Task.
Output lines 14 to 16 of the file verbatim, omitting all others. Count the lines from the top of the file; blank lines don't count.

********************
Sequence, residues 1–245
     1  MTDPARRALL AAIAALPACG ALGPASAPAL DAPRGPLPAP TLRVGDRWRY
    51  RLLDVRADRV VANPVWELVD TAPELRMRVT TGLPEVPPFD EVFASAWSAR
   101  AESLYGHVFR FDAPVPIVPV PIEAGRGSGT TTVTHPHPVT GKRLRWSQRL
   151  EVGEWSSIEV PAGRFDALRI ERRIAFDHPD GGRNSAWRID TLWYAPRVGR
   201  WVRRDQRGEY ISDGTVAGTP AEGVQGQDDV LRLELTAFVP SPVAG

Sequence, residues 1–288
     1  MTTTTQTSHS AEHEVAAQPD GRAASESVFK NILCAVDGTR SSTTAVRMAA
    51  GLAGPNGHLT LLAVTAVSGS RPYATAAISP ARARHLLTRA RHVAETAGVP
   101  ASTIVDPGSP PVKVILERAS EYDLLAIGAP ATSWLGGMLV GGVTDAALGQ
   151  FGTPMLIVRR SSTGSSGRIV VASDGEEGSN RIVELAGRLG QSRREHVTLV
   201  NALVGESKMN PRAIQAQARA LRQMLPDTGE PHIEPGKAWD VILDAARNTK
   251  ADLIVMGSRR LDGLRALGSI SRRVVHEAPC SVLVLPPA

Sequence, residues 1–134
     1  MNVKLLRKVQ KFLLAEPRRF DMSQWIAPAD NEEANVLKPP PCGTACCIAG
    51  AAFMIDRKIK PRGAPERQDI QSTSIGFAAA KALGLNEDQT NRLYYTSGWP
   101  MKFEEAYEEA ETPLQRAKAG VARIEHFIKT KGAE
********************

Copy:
Sequence, residues 1–134
     1  MNVKLLRKVQ KFLLAEPRRF DMSQWIAPAD NEEANVLKPP PCGTACCIAG
    51  AAFMIDRKIK PRGAPERQDI QSTSIGFAAA KALGLNEDQT NRLYYTSGWP